Incomprehensible: not able to be understood; not intelligible. Demoralization: to undermine the confidence or morale of; dishearten. What this means for the person with substance use disorder: the place that is reached that is so painful, shameful, or far from their hopes for themselves that they cannot make sense of how they got there. For many, this is the point where they do something they said they never would in the pursuit of substances, acts like stealing from the workplace or failing to care for their children. The nature of these is so hard for someone who is not affected by a substance use disorder that over time that lack of understanding built a stigma around the disorder that those who suffer from it only turn to recovery after harming themselves or others significantly. This isn’t always true. Each person reaches recovery when they are ready for it, but some might shy away from asking for help because they think they haven’t or must hit that place. Each individual with substance use disorder has their own personal version of what being demoralized is.
I’m Not Like Them
One of the largest obstacles someone entering treatment must overcome is their inner insistence that they are not as bad as others or as bad as those in their lives seem to believe, or that they can manage their substance use on their own. Those with substance use disorders often feel as if they are able to manage the disorder by the force of their own will, and tend to push themselves further and further as they try to avoid admitting they need help. If someone with this thinking enters treatment and hears stories of demoralization that seem more severe than their own, the first thought they may have is that their own story is not as bad and that they don’t belong there.
What is considered demoralizing is absolutely personal. Each person that enters treatment does so with their own set of experiences and beliefs. For some, this turning point in their lives looks like alienating their families, but there are also others that did not grow up in functional or bonded family structures and for them, it takes something different such as a driving while intoxicated charge.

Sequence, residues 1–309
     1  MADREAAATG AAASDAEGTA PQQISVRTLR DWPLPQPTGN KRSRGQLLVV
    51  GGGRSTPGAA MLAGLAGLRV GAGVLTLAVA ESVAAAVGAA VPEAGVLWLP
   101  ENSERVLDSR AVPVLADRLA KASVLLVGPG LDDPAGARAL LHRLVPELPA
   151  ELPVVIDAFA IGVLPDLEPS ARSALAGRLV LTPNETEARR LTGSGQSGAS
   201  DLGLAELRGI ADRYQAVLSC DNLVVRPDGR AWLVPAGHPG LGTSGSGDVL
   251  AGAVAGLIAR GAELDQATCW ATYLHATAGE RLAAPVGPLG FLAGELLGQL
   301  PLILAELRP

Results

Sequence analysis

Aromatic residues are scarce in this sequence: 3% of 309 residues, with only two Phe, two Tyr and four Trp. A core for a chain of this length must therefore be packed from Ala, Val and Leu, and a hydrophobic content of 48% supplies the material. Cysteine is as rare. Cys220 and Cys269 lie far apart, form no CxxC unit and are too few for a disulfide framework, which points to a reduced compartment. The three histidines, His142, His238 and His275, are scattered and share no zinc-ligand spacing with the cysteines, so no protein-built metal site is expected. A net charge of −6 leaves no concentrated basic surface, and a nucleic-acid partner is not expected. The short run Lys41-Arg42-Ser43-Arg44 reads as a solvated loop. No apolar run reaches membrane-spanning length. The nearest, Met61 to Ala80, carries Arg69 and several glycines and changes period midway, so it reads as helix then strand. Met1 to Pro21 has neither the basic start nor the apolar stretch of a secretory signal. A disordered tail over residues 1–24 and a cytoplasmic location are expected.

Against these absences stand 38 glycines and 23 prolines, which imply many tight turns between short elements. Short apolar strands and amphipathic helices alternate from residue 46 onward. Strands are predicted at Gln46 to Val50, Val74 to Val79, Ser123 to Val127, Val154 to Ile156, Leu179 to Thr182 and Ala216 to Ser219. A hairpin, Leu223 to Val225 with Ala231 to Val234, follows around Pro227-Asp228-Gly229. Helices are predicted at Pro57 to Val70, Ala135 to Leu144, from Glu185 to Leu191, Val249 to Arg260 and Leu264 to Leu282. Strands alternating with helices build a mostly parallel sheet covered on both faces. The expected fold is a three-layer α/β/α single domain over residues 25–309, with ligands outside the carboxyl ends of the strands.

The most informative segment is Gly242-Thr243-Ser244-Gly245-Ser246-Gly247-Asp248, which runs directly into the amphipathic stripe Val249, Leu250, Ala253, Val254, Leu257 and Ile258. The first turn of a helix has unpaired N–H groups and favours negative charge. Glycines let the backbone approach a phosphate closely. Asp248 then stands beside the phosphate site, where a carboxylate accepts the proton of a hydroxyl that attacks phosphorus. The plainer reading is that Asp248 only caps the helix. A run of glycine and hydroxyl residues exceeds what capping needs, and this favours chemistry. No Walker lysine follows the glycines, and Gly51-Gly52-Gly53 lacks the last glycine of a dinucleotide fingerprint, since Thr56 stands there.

Seen From Another Angle
If there is a willingness, the power of group therapy in treatment can be instrumental in shifting this thinking. Something that is encouraged in recovery is to seek out the similarities, not the differences. Identifying with others helps shift the ego and feelings of being better than others and in that softening a profound shift happens, as one is able to accept others they begin the process of accepting themselves. When the process of accepting oneself transforms the individual with a substance use disorder they can open up in therapy settings, either group or individual. If attending 12-Step meetings, they are able to share at a group level and can be met with acceptance and identification regardless of what form the end of their time using substances as a coping skill looked like. From this place, one can see not only the true nature of the end of their time using substances but they can see how their experiences can benefit others. Once it’s seen that one’s individual story may have parts or stories that a person even newer to recovery may be able to relate to or connect with, they have truly begun to recover at an emotional level. They are able to be of service to those around them for what is likely the first time in a long time, and they can give back what was given to them, hope.
It’s important for someone in recovery to continue practicing these behaviors outside of the treatment space. Recovery is a lifelong process, and no one is rendered perfect when they achieve sobriety. Many of the issues that substances were used to cope with are not things that can be healed quickly. As years of recovery build, more things may be uncovered, perhaps childhood experiences that were not previously remembered or other life experiences that cause new wounds that must be cared for. Other things can happen in life that cause shame, guilt, and remorse, regardless of the length of recovery. Sometimes individuals need others to identify with those ugly feelings in order to create safety and the space to make amends for the behavior that caused them.
The only person who needs to comprehend the reasons for reaching the turning point is the one they see in the mirror each day. Demoralization sounds like an inherently negative word for that place but consider the important meaning that it is the moment someone is ready to believe they are worthy of a better life. When that moment of acceptance happens, usually with the help of adjusting perspectives and judgment of other people, the remarkable journey of recovery can start.
Ashley Addiction Treatment is an innovative treatment program located on Maryland’s Chesapeake Bay. Ashley provides support for professionals seeking help with addiction. We are able to help people with co-occurring disorders and offer confidential treatment programs to meet your needs. Please reach out to us today at (800) 799-4673.